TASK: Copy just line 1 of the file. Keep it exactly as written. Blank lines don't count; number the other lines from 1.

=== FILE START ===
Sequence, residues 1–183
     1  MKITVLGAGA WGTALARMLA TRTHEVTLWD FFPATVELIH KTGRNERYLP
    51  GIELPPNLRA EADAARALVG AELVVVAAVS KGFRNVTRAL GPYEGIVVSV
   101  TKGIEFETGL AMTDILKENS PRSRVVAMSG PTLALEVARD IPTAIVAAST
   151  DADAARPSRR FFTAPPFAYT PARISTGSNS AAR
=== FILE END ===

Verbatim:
Sequence, residues 1–183